Benjamin Netanyahu chose the annual commemoration service for Israel’s fallen soldiers at Mount Herzl in Jerusalem to respond to Iran’s announcement on Wednesday that it was scaling back curbs to its nuclear prorgamme.
“I heard on my way here that Iran is preparing to continue with its nuclear programme,” he said.
“We will not allow Iran to achieve nuclear weapons. We will continue to fight those who seek to kill us, and dig our roots even deeper in the soil of the homeland.”
Mr Netanyahu was responding to the Iranian decision, which had been expected, but which stopped short of violating the 2015 deal with world powers.
Tehran’s announcement was timed to coincide with the first anniversary of US President Donald Trump’s decision to withdraw from the agreement, signed by his predecessor Barack Obama, along with the governments of Britain, France, Germany, Russia and China.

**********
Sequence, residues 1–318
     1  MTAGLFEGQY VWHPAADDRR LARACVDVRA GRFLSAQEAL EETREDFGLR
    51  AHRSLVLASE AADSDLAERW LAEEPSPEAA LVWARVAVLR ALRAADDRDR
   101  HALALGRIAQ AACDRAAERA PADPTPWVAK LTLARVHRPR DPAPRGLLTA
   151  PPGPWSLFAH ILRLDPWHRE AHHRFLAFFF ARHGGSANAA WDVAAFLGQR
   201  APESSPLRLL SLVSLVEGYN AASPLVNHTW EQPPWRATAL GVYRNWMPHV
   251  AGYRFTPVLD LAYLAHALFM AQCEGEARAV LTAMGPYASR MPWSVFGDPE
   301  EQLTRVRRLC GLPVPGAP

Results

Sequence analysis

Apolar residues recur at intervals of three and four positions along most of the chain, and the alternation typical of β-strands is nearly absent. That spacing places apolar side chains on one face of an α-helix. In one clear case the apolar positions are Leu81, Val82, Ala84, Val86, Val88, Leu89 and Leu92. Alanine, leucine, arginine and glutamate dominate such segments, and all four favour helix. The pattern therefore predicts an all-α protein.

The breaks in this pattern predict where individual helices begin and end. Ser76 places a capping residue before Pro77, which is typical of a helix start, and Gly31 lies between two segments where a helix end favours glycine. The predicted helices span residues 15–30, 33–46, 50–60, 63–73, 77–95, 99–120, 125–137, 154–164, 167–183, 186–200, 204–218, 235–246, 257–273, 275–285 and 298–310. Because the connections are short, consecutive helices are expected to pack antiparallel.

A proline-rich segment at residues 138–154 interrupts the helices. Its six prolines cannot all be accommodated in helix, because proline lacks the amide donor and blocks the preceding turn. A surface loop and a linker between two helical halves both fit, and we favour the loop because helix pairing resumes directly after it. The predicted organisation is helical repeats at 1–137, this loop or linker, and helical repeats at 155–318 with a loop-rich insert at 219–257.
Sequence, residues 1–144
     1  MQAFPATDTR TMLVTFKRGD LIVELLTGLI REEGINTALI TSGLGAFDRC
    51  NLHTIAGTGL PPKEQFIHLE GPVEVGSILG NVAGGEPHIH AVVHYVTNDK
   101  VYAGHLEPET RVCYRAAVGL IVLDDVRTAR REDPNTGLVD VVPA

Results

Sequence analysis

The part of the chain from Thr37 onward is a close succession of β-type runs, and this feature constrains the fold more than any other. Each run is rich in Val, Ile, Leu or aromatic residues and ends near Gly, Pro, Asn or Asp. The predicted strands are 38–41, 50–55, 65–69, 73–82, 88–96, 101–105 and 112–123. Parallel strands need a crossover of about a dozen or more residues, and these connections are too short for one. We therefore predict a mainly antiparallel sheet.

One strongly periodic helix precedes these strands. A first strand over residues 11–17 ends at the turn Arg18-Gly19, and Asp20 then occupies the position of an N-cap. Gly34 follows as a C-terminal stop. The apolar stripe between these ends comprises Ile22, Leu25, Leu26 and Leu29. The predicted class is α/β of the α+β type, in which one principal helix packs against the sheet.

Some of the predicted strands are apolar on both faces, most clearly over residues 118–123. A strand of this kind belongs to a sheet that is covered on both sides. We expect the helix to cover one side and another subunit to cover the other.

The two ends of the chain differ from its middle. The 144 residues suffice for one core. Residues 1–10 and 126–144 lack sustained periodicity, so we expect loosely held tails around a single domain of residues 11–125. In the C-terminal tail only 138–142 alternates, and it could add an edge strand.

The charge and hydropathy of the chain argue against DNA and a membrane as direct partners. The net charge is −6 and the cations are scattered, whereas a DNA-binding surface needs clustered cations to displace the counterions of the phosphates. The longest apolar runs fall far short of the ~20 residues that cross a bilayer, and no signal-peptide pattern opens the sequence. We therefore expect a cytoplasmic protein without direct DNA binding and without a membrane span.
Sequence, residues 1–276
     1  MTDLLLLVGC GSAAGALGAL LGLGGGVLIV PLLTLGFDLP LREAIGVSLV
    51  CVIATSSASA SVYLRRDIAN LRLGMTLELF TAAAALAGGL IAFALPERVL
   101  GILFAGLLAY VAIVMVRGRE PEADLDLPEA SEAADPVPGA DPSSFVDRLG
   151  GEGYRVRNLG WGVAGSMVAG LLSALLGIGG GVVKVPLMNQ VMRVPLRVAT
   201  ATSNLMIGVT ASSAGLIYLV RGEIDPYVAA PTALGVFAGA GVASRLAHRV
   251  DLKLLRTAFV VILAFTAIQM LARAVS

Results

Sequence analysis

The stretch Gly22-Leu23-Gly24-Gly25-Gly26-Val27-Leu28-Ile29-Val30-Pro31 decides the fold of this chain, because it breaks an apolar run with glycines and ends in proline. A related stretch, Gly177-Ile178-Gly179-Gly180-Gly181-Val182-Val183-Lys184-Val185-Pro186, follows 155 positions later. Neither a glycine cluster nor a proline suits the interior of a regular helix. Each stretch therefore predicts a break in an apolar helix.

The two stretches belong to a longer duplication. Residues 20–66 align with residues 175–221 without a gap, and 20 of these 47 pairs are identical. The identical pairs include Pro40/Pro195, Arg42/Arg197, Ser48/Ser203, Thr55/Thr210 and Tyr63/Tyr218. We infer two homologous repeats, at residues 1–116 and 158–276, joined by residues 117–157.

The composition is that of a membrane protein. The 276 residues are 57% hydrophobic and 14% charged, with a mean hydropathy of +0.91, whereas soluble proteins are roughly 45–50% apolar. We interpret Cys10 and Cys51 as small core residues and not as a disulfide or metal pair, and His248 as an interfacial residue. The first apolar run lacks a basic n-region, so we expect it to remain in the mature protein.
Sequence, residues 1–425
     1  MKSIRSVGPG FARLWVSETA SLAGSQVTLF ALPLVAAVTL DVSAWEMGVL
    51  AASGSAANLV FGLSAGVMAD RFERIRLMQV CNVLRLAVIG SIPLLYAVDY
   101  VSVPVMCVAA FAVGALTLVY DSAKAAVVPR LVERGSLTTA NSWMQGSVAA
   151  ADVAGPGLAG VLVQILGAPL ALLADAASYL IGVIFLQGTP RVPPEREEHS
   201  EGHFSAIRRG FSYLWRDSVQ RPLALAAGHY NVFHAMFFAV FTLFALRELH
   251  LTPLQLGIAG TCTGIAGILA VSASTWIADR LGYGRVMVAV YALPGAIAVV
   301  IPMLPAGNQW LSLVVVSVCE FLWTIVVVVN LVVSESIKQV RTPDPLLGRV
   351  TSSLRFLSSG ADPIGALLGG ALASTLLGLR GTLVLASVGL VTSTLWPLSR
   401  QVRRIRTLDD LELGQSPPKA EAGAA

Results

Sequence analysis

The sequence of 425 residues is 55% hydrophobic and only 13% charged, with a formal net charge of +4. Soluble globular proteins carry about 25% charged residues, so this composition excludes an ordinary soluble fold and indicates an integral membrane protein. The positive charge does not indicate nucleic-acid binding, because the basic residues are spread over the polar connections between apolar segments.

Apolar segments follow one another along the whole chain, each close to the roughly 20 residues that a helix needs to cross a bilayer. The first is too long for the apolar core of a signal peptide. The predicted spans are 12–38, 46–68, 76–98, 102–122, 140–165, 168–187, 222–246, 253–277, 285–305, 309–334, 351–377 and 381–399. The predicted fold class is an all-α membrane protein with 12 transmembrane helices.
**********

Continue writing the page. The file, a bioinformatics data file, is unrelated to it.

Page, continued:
Under the new Iranian policy, announced by President Hasan Rouhani, Iran will resume building up its stocks of heavy water and enriched uranium, which had been limited under the terms of the deal.
The move is also partly in response to new US sanctions against companies and third countries which help Iran export these materials, which are by-products of nuclear energy plants.
But Iran’s wider issue is with the sanctions, now crippling its economy, that were reimposed after being removed in 2015.
In the year since the US withdrawal from the agreement, the other signatories, especially the three European nations, have promised Iran to put in place financial mechanisms which would allow international companies to continue trading with Iran, despite the American sanctions. But they have largely failed to do so and most European companies have now left Iran.
Mr Rouhani warned that if the Europeans could not find a way to allow Iran to “reap the benefits” from the agreement in 60 days, Iran would begin enriching uranium beyond the permitted 3.67 per cent level, which would end its compliance with another section of the agreement.